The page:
Five year review of open radical nephrectomies at a regional hospital in South Africa: room for improvement
Background: To review the presentation and outcomes of patients undergoing open radical nephrectomy (ORN) for renal cell carcinoma (RCC) at a regional hospital in KwaZulu-Natal, South Africa.
Methods: A retrospective chart review was performed of patients having undergone nephrectomy at St Aidan’s hospital between 2010 and 2015, focusing on those with RCC. Demographic, operative, histopathology and outcomes data were collected.
Results: Fifty-two patients (51%) had ORN for suspected malignant disease. Forty-one RCCs were found including one incidental finding at simple nephrectomy. Data was insufficient to assess risk factors for RCC. HIV positive patients tended to present earlier (45 vs. 53 years). The mean tumour size was 10 cm and organ confined disease was present in 73.2% of patients. Only 11 patients (26.8%) had pT1 disease. The high-grade complication rate was 9.8%, in-hospital mortality rate 4.9% and transfusion rate 51.2%. The median operating time was 1h 50min and length of hospital stay 13 days.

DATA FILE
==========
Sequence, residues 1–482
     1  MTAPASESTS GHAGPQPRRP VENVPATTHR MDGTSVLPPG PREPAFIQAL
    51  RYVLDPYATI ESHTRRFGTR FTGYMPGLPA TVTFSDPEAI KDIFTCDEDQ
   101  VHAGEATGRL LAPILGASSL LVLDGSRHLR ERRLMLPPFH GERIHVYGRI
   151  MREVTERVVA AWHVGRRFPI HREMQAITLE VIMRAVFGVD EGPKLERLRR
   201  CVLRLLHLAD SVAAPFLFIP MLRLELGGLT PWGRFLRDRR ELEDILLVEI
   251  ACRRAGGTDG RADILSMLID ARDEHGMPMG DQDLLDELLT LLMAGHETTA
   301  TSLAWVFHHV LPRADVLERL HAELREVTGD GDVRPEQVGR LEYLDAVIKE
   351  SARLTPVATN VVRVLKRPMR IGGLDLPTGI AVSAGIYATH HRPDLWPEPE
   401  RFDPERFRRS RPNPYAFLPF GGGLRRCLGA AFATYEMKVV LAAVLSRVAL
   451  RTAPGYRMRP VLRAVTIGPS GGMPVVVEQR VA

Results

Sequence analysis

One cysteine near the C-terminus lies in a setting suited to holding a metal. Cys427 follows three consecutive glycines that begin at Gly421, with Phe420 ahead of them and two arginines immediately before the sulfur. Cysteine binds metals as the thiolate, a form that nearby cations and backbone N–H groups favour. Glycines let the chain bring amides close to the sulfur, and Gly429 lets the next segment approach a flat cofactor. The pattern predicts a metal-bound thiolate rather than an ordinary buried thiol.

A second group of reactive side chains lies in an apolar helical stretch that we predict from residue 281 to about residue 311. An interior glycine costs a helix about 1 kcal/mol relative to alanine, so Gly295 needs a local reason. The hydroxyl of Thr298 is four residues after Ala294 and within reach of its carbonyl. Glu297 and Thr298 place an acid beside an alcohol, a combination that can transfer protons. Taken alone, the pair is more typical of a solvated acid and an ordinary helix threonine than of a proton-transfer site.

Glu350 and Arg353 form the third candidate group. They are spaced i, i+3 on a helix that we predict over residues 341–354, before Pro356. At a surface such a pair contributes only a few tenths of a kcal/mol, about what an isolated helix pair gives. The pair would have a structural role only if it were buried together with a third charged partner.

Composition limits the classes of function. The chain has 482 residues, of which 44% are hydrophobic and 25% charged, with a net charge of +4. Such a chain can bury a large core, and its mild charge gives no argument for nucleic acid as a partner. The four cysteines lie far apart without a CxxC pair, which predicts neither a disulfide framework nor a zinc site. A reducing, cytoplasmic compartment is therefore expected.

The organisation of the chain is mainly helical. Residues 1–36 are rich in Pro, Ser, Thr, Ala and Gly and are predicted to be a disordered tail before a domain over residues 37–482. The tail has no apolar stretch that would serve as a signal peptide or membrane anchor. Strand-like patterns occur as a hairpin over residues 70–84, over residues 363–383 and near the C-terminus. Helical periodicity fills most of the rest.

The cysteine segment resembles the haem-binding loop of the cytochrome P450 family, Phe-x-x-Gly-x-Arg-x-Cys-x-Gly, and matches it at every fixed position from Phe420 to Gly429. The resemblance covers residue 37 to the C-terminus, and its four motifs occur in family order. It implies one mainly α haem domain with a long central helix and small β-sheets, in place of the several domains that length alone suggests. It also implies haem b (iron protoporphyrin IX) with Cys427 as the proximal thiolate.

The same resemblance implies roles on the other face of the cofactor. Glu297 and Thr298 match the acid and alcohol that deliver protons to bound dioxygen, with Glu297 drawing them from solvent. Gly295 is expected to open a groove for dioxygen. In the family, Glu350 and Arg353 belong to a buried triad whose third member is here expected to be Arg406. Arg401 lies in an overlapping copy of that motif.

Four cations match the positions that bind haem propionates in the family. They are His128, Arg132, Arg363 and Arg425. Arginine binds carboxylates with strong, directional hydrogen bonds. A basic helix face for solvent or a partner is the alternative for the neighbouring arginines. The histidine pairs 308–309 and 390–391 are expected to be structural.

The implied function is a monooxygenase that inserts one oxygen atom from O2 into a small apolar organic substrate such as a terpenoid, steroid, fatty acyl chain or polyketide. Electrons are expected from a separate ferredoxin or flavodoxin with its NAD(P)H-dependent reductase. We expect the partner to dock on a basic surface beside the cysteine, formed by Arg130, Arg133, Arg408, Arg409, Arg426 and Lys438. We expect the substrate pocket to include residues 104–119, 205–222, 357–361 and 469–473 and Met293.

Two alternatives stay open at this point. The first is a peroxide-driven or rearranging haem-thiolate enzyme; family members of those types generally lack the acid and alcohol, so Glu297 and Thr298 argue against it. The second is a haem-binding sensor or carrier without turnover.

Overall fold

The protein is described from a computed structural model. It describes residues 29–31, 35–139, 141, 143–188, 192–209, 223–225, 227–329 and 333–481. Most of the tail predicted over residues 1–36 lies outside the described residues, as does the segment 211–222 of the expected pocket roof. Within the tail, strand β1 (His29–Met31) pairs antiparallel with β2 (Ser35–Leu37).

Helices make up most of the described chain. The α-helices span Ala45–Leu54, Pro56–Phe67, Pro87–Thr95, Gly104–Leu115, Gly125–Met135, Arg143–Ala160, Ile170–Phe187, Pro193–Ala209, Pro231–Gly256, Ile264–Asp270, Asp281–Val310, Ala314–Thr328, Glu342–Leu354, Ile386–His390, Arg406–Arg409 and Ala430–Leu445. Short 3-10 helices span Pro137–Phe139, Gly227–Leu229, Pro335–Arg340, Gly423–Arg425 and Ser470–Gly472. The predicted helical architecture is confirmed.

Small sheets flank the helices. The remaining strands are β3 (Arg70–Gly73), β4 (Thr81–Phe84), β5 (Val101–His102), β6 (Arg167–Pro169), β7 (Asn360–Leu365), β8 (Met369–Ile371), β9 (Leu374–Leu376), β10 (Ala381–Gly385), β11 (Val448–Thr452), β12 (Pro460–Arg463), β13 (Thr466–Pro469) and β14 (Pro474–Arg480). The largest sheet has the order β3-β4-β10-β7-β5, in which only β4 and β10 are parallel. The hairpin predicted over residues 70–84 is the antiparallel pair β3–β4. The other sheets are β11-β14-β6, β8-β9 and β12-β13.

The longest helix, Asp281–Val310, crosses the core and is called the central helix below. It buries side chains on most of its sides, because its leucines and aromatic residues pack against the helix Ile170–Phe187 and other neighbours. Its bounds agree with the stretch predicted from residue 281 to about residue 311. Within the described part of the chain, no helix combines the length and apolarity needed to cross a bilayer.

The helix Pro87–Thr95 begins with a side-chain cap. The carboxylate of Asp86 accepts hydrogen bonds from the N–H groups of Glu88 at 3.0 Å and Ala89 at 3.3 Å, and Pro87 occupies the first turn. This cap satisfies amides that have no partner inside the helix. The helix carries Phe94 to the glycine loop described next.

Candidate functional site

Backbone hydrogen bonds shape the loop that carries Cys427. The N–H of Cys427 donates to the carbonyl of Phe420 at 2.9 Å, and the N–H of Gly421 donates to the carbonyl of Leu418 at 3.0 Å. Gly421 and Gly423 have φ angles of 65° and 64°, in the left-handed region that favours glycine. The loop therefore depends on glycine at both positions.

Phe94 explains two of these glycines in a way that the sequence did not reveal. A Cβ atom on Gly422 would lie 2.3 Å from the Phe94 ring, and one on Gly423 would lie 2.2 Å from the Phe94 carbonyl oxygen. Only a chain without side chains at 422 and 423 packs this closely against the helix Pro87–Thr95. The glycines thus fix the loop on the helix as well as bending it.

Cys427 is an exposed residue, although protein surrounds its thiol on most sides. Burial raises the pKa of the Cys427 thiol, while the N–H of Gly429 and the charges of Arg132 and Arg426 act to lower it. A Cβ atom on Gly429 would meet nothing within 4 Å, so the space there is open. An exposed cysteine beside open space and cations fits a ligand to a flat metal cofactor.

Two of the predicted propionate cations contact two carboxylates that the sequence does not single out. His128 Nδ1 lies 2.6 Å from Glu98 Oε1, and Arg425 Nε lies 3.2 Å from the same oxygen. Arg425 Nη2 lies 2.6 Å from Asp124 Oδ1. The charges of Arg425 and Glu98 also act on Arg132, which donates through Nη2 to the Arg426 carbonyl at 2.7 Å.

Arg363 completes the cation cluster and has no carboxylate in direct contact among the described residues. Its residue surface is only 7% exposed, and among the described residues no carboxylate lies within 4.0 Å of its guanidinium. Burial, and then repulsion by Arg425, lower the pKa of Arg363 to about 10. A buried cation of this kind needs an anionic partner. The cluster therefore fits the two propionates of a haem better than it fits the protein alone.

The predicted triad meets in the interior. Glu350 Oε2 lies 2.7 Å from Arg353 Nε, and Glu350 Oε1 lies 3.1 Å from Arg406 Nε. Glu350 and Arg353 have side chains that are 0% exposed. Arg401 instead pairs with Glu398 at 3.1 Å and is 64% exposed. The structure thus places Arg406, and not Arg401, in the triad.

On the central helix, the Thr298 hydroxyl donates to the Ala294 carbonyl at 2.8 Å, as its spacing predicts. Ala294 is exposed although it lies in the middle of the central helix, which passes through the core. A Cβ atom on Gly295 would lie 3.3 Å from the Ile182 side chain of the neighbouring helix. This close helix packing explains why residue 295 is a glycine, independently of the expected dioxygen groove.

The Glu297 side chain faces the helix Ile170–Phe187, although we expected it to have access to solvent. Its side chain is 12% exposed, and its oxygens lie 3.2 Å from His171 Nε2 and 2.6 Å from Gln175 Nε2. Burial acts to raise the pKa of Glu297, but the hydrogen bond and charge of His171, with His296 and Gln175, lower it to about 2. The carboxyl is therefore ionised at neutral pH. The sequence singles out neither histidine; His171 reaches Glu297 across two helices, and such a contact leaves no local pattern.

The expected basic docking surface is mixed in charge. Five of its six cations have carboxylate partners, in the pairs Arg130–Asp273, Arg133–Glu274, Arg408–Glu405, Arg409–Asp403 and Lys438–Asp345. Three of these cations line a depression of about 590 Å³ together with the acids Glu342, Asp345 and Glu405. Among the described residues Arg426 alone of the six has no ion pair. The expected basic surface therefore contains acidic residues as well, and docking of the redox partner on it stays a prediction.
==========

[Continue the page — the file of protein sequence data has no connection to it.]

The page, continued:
Conclusions: Open radical nephrectomy is the standard surgical treatment for RCC at regional level in South Africa. Patients tend to present at a younger age, particularly if HIV positive, and with large tumours. Further research into risk factors for RCC in the South African population is needed. There are high complication and transfusion rates in patients undergoing ORN. Review of accessibility of blood at St Aidan’s hospital and revision of the transfusion protocol is suggested. A follow-up study to assess the feasibility and cost-effectiveness of laparoscopic nephrectomy in the resource-constrained South African environment is necessary.
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